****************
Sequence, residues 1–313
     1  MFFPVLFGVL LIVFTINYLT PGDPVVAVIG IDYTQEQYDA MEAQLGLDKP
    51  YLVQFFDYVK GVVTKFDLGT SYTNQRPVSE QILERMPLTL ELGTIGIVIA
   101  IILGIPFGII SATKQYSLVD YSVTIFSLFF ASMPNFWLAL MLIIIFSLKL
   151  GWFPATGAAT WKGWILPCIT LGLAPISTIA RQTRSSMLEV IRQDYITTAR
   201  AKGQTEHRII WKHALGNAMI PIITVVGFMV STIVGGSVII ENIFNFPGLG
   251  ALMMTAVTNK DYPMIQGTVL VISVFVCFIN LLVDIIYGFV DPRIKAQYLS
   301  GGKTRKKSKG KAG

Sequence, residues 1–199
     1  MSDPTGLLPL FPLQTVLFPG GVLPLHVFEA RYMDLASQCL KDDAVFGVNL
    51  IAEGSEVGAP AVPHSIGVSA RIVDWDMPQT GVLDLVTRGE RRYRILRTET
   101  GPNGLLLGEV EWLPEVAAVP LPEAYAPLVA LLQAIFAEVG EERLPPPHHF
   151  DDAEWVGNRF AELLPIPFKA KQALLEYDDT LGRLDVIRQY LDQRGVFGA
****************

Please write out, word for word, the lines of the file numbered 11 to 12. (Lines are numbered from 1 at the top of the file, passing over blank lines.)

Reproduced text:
    51  IAEGSEVGAP AVPHSIGVSA RIVDWDMPQT GVLDLVTRGE RRYRILRTET
   101  GPNGLLLGEV EWLPEVAAVP LPEAYAPLVA LLQAIFAEVG EERLPPPHHF